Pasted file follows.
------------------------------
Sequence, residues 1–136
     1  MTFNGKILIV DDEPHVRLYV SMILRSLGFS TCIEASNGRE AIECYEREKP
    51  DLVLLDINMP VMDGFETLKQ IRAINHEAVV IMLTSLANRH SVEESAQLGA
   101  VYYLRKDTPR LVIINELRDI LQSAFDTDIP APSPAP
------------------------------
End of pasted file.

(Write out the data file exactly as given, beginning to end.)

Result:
Sequence, residues 1–136
     1  MTFNGKILIV DDEPHVRLYV SMILRSLGFS TCIEASNGRE AIECYEREKP
    51  DLVLLDINMP VMDGFETLKQ IRAINHEAVV IMLTSLANRH SVEESAQLGA
   101  VYYLRKDTPR LVIINELRDI LQSAFDTDIP APSPAP